I have spent years observing other writers who seem to effortlessly have their next book written or their book proposal sent off, their next chapter written – and I think – how on EARTH do they do it? In the same haphazard way that I do? Am I just not privy to their disorganized free-floating anxiety? Am I only seeing the end result and therefore am I idealizing them?
I think of a very compelling quote by Virginia Woolf, who said A woman must have money and a room of her own if she is to write fiction.
How I wish, Virginia, that that was still the case. Nowadays our lives have distractions that were unimaginable even twenty years ago. We are exposed to more information in a single day than our ancestors would have been in a lifetime.
As my 2013 gears up to be one of the busiest years of my life, I thought I’d ask four of my best writer friends how they manage to get it all done in this crazy, information age. It was totally selfish, initially – I just emailed each one, or we had coffee and I poked around at what they do differently from myself. Turns out – not a lot. Turns out this being a writer thing is just – well it’s tough!
Loving their thoughtful replies and hilarious asides, I put together a more formal interview and thought I’d share it with you, my dear readers. I know it inspired the hell out of me so I hope it does the same for you.
I’d like to thank these lovely women for taking time out of their busy days to really be honest and thoughtful about how writing fits into their lives. A big, grateful huzzah to each and every one of these accomplished writer ladies that I am blessed to call friends.
So here goes.
My Writer Gal Pals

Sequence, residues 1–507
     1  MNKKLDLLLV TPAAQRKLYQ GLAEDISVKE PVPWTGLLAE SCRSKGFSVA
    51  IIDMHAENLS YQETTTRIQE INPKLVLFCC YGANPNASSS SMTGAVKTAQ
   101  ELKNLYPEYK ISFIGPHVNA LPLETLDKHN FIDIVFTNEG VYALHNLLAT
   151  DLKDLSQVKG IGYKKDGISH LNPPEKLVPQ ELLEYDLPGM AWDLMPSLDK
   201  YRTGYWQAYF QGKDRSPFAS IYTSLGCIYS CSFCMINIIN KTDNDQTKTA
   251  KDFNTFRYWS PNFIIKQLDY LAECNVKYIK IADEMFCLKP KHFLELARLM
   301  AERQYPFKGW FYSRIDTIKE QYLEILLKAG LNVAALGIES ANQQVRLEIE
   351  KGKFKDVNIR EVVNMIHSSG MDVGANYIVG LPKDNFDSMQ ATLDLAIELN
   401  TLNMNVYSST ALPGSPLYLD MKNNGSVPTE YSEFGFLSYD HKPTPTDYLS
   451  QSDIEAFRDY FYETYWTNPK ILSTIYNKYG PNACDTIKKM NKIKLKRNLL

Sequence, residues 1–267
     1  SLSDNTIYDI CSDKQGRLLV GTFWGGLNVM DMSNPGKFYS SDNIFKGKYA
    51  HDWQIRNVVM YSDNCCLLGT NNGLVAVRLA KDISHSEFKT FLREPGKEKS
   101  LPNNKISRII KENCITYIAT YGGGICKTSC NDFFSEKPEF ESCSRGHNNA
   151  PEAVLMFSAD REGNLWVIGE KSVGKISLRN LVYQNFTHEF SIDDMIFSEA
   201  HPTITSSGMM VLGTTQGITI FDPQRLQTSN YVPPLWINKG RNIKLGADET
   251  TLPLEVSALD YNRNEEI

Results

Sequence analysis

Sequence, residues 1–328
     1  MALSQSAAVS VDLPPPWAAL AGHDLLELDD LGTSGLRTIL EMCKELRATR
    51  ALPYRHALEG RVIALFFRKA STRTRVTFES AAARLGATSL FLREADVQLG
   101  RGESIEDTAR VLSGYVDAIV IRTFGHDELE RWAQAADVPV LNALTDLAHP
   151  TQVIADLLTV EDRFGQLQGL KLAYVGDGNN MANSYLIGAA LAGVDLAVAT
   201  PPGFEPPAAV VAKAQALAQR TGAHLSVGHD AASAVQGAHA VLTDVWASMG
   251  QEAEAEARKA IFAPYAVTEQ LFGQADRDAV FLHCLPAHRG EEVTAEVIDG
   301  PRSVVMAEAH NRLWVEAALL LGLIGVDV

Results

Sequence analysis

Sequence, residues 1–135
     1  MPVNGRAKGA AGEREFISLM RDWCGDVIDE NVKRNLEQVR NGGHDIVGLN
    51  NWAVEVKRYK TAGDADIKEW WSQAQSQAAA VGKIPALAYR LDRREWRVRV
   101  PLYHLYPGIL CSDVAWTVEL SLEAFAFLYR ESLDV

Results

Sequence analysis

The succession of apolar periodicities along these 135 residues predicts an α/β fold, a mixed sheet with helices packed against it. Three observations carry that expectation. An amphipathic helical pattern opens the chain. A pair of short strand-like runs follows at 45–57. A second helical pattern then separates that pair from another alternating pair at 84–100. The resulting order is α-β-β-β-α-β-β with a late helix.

Dahlia Lithwick, Senior Editor, Slate Magazine. Dahlia has guested on the Colbert Report and NPR and has written for the Washington Post, The New York Times, Elle and the New Republic. She is currently working on a book about the US Supreme Court. Dahlia is also a wife, mom and a friend and mentor of mine who has provided me with insightful feedback on my Huffington Post articles just when I needed it most.
Margaux Froley is the author of the newly released YA book, Escape Theory (Soho Teen Press/Random House) and is already at work on the second installment for which she received a generous advance. A WGA and PGA member, Margaux is also a graduate of the prestigious WB Writer’s Workshop, and if you doubt her achievement oriented ways yet – is also a black belt in Tae Kwon Do.
Lisa Takeuchi Cullen is the author of Pastor’s Wives and Remember Me: A Lively Tour of the American Way of Death (Harper/Collins). A former writer for Time Magazine, Lisa recently sold her tv pilot, Ordained. A wife, a mom and a hilarious martini drinking partner, Lisa is a friend who once did me a favor I will never forget.
Hilary Graham is a screenwriter, director and novelist who also just happens to be the very first grand prize winner of the Just Effing Entertain Me Screenwriting Competition. A member of the WGA, Hilary has written scripts for a number of Hollywood production companies including Inferno Entertainment, Robert Lawrence Productions, Marc Platt Productions, and The Disney Channel. Hilary is the author of YA novel, Reunited (Simon & Shuster) . A wife and mom, Hilary juggles the day-to-day without missing a beat. Or does she?
What is your working style? Organized chaos? Or discrete chunks of time devoted to your writing?